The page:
In general, the successive injection rails are set at different pressures depending on the articles to be produced, this pressure generally being between 300 and 100 bar or more.
However, such installations, which are satisfactory from the practical standpoint, have a number of drawbacks, among which may be mentioned:
they take up a lot of room lengthwise;
and, above all, they require the first series of interlacing treatments on one side to be carried out at a reduced pressure in order to prevent the fibers from emerging on the other side and creating defects; this is because, if the pressure is high, the fibers on the nonbonded side have a tendency to penetrate into the supporting fabric of the first roll; it is therefore necessary, in order to compensate for the lesser bonding effectiveness resulting from this reduced pressure, to increase the number of treatment injection rails (usually denoted by the term "injectors"), thereby appreciably increasing the cost of the installation, complicating the industrial operation and leading to high expenditure of energy and of water consumption.
An improved installation has now been discovered, and it is this which forms the subject of the present invention, which makes it possible to carry out such treatments using fluid jets providing cohesion to nonwoven fibrous webs which may be based on natural or man-made fibers, by themselves or as a mixture, or which are formed by nonwoven webs being combined with internal reinforcement, such as textile meshes, woven fabrics, knitted fabrics, cross-woven webs, longitudinal reinforcements, etc.
The installation in accordance with the invention makes it possible not only to tailor the treatment conditions to each type of textile structure much more easily, but also results in articles with a surface appearance much more uniform after action of the fluid and, above all, makes it possible, for equivalent articles, to operate with a reduced water consumption as well as a smaller number of passes under the interlacing injection rails.
Moreover, the installation in accordance with the invention also makes it possible to treat fibrous webs having a higher basis weight than conventional installations in which a series of successive inter-lacing treatments is carried out on each side of the article. This is because, in conventional machines, when the fibrous webs have a weight greater than 100 g/m2, and in particular when they consist of low-denier fibers, it has been observed that surface appearance defects (raised or hollowed areas) were produced which renders them unsuitable for most applications.
In general, the installation in accordance with the invention comprises, in a known manner, means allowing a fibrous web to be produced, compressed and introduced into a treatment zone in which the moving web is subjected to the action of a succession of rails for injection of pressurized-water jets which act alternately on one side of said web and on the other, said installation being characterized in that the interlacing means are formed by at least one series of perforated rolls, each roll being combined with an injection rail (or injector) blasting pressurized-water jets against the surface of said web, said injection rails being arranged in a staggered fashion from one treatment roll to the next, the jets acting perpendicularly on the surface of the treated product and the peripheral speed of the rolls increasing slightly from one treatment roll to the next.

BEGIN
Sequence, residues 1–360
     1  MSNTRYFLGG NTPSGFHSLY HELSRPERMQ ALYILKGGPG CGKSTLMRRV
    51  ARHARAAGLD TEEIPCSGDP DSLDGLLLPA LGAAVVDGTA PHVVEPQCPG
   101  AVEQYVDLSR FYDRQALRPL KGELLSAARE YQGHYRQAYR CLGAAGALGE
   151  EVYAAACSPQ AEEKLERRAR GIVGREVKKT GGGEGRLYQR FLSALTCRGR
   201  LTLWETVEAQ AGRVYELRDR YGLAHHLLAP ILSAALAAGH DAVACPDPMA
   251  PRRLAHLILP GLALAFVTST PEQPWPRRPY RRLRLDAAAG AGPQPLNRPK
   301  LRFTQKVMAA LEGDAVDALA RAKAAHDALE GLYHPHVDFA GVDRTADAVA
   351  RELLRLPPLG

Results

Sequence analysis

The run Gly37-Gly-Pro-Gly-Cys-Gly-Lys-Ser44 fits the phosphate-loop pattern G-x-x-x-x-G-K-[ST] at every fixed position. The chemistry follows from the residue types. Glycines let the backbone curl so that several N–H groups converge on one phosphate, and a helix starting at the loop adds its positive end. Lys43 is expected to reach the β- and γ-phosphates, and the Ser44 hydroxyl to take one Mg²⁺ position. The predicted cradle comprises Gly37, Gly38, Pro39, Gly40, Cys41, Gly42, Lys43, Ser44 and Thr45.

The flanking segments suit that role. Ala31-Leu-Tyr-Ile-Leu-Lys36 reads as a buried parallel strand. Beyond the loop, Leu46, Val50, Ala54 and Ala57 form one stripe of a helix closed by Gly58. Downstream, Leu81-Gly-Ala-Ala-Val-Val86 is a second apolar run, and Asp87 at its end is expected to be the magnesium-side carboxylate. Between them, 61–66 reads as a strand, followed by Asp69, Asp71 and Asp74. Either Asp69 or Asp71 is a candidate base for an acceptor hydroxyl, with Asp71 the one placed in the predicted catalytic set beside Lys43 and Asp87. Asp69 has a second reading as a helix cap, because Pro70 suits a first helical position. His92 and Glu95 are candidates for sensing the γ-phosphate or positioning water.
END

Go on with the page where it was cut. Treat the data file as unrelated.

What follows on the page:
The increase in speed, from one treatment roll to the next, allows the web to be held under tension during the succession of treatment steps and results in the elimination of surface defects which appear on conventional machines. By way of indication, a speed increase of between 0.5 and 3% is suitable for most basis weights of webs treated.
According to one embodiment in accordance with the invention, the installation comprises four super-imposed treatment rolls each combined with one injection rail blasting pressurized-water jets against the surface of the material, the first roll in the production cycle being combined with means for densifying the untreated fibrous base web.
Such densifying means are essentially formed by a porous endless conveyor belt which supports the material and which bears tangentially against the surface of the first perforated rotating roll, inside which a partial vacuum is applied, and which therefore allows the base web to be compressed before it is subjected to the action of the first rail for injection of pressurized jets; in this embodiment, when the base web is compressed between the conveyor belt and the perforated rotating roll, said web is wetted by means of a curtain of water produced by means of an additional injection rail placed inside the volume defined by the conveyor belt, said curtain of water being directed against the surface of the latter and passing, in succession, through said porous belt and the compressed web before being sucked out through the perforated roll.
Although for most applications two successive treatments on each side, the right side and the reverse side, allows good results to be obtained, it may be envisaged, in a variant of an installation in accordance with the invention, to produce a second series of alternating treatments by means of a second set of superimposed perforated rolls and injectors which are placed opposite the first series of treatment elements.
By virtue of such a design, it is not only possible to obtain a very compact installation making it possible to carry out web-interlacing treatments which act alternately on each side of the base product but, moreover, it has been observed that, when such an installation comprised means for compacting with prewetting, it was possible to reduce the number of treatment injection rails compared to a similar product made on conventional installations in which several successive interlacing treatments are carried out on one side of the support and then on the other side.